Or do you think Haydn is a bit underrated and if people listened to his works more, they would think more highly of him?
 

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Why not? The Mozart works don't deserve "special treatment" just cause they were written by him when he was 8. Again, I don't have to indulge in any idolatry about Mozart to admire his music.
I don't think this is a question of special treatment or idolatry. Einstein is viewed as perhaps the greatest physicist ever and vastly better than I am. However, I'm rather confident that I am a much better physicist than Einstein was when he was 8 or 15. Comparing my works to Einstein's when he was young would make little sense. I was also a much better basketball player (in high school) than Michael Jordan when he was 8, but again, comparing our abilities at those times makes little sense.

How they subjectively view the forgotten composer (only after having spent as much time and effort to the forgotten composer as Mozart) is up to them. I just question the validity of the rationale; "Mozart can require dozens of listenings to be fully appreciated, but the forgotten composer does not."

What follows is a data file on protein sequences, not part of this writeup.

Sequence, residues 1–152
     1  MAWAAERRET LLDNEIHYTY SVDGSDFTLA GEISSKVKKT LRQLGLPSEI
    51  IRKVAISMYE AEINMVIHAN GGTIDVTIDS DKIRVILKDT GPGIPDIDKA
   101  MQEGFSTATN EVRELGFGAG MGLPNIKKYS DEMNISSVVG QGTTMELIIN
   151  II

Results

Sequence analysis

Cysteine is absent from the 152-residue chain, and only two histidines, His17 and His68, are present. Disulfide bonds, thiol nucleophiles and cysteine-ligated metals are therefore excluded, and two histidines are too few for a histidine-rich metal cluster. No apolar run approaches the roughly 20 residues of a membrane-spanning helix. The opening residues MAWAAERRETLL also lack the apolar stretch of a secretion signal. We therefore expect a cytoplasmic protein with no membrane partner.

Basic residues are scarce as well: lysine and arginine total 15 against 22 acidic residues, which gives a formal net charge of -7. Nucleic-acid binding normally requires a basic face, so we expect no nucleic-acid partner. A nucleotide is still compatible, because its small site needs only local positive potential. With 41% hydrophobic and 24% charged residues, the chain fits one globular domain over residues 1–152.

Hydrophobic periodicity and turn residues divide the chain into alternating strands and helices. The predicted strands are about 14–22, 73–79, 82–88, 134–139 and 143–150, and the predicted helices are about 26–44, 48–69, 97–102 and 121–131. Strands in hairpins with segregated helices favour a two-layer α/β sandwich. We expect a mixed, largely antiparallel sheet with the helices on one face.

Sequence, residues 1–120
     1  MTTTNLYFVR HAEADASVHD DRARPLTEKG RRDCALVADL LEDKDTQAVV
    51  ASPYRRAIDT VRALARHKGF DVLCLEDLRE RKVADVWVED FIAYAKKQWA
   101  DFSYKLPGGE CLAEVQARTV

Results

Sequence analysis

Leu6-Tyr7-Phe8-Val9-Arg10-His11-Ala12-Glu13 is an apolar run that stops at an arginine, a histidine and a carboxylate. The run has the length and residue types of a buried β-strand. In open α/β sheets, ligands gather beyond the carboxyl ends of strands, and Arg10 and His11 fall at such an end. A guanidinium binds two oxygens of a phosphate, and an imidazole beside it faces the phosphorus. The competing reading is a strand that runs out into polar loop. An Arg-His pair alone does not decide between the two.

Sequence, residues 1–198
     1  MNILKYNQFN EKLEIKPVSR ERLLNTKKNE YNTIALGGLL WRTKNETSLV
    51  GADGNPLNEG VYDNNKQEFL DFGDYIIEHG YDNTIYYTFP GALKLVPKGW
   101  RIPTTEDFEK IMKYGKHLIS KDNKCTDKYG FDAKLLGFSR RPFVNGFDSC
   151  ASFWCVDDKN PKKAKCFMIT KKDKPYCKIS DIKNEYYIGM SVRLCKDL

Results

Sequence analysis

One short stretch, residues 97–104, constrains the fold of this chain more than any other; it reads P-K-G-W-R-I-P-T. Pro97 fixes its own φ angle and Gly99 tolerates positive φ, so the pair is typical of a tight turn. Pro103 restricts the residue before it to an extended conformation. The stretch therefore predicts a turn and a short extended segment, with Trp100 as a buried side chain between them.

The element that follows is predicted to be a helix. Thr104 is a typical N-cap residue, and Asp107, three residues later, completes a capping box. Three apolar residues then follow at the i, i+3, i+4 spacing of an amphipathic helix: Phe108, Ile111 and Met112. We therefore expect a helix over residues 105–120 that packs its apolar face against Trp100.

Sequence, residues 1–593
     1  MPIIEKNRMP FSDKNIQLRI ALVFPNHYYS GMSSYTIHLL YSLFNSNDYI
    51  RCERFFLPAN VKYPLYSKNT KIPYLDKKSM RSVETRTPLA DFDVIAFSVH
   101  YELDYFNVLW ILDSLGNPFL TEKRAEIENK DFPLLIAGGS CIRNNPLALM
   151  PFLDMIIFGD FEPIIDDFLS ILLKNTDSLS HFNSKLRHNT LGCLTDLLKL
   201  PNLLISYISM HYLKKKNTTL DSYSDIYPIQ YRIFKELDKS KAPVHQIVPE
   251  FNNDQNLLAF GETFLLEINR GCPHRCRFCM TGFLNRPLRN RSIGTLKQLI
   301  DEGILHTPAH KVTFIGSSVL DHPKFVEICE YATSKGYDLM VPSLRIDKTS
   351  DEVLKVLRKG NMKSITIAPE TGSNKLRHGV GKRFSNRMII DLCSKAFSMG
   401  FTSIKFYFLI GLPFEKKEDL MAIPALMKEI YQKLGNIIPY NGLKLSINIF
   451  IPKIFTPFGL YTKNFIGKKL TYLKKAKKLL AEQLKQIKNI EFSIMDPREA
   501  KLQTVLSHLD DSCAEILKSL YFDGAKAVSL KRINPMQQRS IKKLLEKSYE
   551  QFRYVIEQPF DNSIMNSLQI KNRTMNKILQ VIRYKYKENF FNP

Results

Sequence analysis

I'm the kind of person who pays careful attention even to stuff like Missa brevis K.194, for instance, and also what can be seen as the equivalents in the other, forgotten composer. I don't consider people who say things like "Whatever.. I don't care for this and that genre in these composers.." to have what it takes to properly judge the relative objective merit in these composers. It doesn't matter how many of these people there are. What's important to me is whether or not they have the proper mindset. Hence why I said:

Otherwise, they could be seen as cherry-picking; trying to pass off what's popular and what they favor in these composers as "objective greatness". I don't pretend I never do, but at least I can say that I try my best (give the effort) to see things fairly.
I understand that you feel people should listen more to the works of some composers before passing judgment. Fair enough. I suspect that experts of the Classical era have heard enough of both M. Haydn and Mozart to make reasonable comparisons.

Not really. But I think it's better we stop do rankings, except to share what we appreciate subjectively. Rather than arguing lofty, but futile ideas such as "objective greatness", spend the time in actual music appreciation, and talks of why we appreciate.
Some feel that ranking is fun, others find the results very interesting, and others find rankings a useful tool to find potentially enjoyable music or composers. I see no reason to stop ranking. I have been involved in many of TC's "ranking" projects (usually described as recommendations rather than ranking), and as far as I know, I have never seen a participant say that the results are objective. I'm also happy that many TC members do enjoy discussing music appreciation and describing why they enjoy works or composers.